OLYMPIA – When a finalist for a high-ranking job at the office of the Washington Insurance Commissioner sat down with Mike Kreidler last fall for an interview, the woman was excited to work for a small agency with a record of advocating for marginalized communities.
But Kreidler, Washington’s longest-serving current statewide elected official, immediately turned the conversation to her race and ethnicity, according to the job finalist, who is Japanese American and born in Hawaii.
His first question was whether her great-grandparents came over to Hawaii to work on sugar plantations or pineapple plantations, said the job applicant.
Kreidler went on to say he didn’t consider people of Japanese descent a minority or disadvantaged based on his experience going to school with many of them, according to the woman who spoke on the condition she wasn’t named for fear of damaging her career in state government.
By the end of the interview, she had already decided to withdraw her application.
“At one point I looked around, because I wasn’t sure if I was in one of those hidden camera shows,” said the woman, who currently works in a high-level position at another state agency. “Personally, I was just in shock. It was racist and highly offensive. ”
That job finalist is one of half a dozen former or potential employees who disclosed to The Seattle Times and public radio’s Northwest News Network instances of Kreidler being demeaning or rude, overly focused on race and using derogatory terms for transgender people and people of Mexican, Chinese , Italian or Spanish descent, as well as asking some employees of color for unusual favors. The instances are from 2017 to 2022.
Three former employees recounted how Kreidler, 78, used the racial slur “wetback” in a staff meeting when telling a story from decades ago about a friend’s racist reaction to Kreidler’s soon-to-be wife, who is Mexican American. In an interview, Kreidler said he didn’t recall the specific event, but acknowledged that he’s told that story over the years, “and if somebody took offense to it I feel bad about it.”
In another group meeting, Kreidler described a neighborhood in Tacoma as “Dago Hill,” which he said was a common nickname. In other instances, people heard Kreidler describe an old friend as a “Chinaman” and transgender people as “men with tits.”
Their stories reveal a disconnect between Kreidler’s public image as a progressive Democrat and his management style leading the 260-person agency.
A former policy analyst who is from India said Kreidler asked him to help arrange the commissioner’s travel to that country. A former executive assistant who is Korean American said Kreidler repeatedly asked her to help the commissioner communicate with his Korean neighbors. Another former executive assistant claims Kreidler threw travel documents back at her for booking an economy-class airline ticket – rather than a pricier business-class seat – for him to attend a climate change conference in Switzerland.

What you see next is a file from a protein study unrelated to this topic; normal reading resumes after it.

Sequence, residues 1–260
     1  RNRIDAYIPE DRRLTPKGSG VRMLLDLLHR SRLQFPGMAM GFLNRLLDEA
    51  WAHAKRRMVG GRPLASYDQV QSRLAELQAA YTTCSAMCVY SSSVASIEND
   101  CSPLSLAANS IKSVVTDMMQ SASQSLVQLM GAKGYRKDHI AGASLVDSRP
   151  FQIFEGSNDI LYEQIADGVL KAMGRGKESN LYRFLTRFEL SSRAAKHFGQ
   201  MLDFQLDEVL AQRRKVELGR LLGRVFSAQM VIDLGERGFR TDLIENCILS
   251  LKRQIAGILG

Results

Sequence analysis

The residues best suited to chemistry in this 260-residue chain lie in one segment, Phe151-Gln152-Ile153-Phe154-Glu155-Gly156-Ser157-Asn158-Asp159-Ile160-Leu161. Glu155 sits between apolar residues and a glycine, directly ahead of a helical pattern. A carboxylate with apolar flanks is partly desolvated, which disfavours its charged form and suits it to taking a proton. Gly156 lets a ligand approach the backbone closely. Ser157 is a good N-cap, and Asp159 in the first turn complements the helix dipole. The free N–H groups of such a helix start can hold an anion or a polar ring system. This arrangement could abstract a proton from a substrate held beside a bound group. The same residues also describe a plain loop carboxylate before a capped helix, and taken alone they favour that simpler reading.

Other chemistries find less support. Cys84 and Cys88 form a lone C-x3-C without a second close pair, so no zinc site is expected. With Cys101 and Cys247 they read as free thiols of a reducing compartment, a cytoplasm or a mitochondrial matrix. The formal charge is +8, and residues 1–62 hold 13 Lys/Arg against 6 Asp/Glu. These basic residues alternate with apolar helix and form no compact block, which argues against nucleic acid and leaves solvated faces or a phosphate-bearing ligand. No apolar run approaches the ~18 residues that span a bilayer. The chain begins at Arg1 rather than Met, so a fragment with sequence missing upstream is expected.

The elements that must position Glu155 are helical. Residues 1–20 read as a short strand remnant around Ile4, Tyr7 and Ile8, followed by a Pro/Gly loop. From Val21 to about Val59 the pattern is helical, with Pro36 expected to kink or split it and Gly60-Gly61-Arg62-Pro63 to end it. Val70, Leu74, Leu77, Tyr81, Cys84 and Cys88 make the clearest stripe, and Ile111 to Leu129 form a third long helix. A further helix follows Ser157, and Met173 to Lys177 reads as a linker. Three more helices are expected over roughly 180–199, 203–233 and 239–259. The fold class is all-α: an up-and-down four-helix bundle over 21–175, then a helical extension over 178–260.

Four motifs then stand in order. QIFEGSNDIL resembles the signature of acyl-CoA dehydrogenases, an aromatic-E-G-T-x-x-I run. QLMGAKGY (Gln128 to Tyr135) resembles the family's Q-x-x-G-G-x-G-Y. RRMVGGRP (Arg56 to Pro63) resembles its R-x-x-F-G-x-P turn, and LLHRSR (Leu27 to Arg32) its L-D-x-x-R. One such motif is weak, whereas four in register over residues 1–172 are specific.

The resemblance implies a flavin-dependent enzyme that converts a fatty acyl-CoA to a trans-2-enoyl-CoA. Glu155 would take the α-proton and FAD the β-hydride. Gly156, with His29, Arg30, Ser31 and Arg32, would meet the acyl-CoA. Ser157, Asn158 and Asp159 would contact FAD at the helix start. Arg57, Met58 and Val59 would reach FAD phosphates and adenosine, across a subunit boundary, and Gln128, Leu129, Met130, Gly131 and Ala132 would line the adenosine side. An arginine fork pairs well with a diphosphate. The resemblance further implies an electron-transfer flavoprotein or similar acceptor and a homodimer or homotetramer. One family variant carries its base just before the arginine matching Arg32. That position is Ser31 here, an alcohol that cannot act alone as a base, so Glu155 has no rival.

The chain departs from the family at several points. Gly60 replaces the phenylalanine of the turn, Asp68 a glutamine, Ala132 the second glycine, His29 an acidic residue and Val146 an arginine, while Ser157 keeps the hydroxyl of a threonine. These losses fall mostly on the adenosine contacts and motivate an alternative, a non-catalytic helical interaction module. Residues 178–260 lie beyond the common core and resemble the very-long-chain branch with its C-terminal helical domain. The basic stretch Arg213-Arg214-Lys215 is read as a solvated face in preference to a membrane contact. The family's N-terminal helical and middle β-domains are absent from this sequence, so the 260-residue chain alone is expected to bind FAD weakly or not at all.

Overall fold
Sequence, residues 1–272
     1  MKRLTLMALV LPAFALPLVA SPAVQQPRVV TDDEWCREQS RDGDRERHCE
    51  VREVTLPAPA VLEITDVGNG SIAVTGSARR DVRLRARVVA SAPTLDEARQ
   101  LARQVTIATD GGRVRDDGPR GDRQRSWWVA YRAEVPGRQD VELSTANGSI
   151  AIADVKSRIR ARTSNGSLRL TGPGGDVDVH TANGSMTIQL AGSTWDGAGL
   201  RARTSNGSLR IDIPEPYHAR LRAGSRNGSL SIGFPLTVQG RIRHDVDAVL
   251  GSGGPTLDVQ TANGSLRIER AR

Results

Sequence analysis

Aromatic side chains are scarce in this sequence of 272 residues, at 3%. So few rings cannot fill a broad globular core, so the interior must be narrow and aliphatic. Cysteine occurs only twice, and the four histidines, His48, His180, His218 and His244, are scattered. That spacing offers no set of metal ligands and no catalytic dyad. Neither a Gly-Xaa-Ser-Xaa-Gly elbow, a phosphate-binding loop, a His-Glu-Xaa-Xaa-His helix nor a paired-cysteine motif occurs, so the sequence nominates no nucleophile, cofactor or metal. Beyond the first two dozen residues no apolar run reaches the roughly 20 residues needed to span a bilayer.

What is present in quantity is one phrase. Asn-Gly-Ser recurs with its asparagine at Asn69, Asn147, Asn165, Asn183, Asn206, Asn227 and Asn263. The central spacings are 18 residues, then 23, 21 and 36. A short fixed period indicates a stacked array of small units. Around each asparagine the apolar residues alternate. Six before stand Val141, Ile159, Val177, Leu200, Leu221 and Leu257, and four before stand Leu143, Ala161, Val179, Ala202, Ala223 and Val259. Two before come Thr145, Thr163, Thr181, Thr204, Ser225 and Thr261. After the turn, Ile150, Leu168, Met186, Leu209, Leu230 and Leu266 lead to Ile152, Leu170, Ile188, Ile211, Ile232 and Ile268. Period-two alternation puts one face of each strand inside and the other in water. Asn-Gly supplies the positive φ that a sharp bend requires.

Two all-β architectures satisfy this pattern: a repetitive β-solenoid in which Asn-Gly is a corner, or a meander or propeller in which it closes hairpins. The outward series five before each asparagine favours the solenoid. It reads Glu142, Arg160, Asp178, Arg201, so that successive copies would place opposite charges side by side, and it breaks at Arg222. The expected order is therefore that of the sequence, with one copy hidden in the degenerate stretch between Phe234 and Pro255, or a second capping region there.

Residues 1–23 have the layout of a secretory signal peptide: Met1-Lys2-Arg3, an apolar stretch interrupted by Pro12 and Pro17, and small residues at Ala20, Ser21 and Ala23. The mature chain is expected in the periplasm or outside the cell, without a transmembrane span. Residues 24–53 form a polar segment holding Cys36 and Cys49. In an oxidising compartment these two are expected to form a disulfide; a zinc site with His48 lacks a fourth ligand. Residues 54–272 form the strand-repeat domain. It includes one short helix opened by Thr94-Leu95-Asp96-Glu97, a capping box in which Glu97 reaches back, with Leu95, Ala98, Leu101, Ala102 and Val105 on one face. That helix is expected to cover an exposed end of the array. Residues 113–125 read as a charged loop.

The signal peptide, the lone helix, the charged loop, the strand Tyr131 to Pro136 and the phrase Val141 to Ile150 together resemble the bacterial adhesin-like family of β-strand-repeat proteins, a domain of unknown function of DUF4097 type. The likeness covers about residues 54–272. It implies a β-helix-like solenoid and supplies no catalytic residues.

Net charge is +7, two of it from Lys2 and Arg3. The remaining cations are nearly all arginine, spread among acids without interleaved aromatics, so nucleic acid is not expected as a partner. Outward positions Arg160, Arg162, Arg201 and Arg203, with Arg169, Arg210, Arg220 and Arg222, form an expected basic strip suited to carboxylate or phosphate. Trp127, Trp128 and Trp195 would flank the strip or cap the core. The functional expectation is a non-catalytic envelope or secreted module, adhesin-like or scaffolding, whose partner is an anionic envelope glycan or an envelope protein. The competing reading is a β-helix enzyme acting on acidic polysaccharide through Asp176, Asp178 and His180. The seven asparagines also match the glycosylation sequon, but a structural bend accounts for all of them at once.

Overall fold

These stories by people – some of whom didn’t want to be named out of concern for career ramifications – build on a report last month by Northwest News Network that detailed workers saying Kreidler mistreated staff. Some point to the departure of five of Kreidler’s seven top deputies since March 2020, and an employee satisfaction survey showing high levels of dissatisfaction throughout the agency, as signs of dysfunction.
Kreidler said he’s been ahead of his time in pushing to stop discrimination, and that he’s worked through the years to be “politically correct.”
The insurance commissioner also acknowledged that he is often curious about people’s personal histories, such as his conversation with the job finalist.
He conceded to “every once in a while” using outdated or derogatory terminology.
Asked if he had any medical or cognitive conditions that might contribute to him making such remarks, the office in a statement said Kreidler “does not discuss his medical conditions or status with the media.”
Kreidler said he feels bad if he offended people. “I take a great deal of pride in what we’ve been able to accomplish here, in being able to help on issues of discrimination and to minimize it in society,” he said.
“There’s more that needs to be done to make sure people aren’t being harmed, and the last thing I want is to ever be in a position where anything I say or do overshadows that.”
A former state lawmaker and member of Congress, Kreidler was elected insurance commissioner in 2000. He is the top state regulator of Washington’s insurance industry, which includes approving rates and advocating for consumers and policyholders, with an annual salary of $ 140,110.
As a commissioner, Kreidler has advocated for a federal Affordable Care Act and reproductive health care, and founded a national climate-change working group among insurance officials. In Washington, he has pushed to make sure insurance companies cover medically necessary gender-affirming treatments and has worked to safeguard consumers against surprise health care bills.
And for the past two years, Kreidler has taken on the insurance industry in a quest to ban the use of credit scores to help determine insurance rates, calling it a discriminatory practice that hurts people in marginalized communities.